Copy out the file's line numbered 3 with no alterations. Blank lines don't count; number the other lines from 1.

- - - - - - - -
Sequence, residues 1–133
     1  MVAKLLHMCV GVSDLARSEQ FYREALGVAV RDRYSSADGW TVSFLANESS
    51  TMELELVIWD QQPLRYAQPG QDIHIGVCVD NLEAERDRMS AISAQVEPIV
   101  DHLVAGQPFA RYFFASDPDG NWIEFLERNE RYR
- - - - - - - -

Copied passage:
    51  TMELELVIWD QQPLRYAQPG QDIHIGVCVD NLEAERDRMS AISAQVEPIV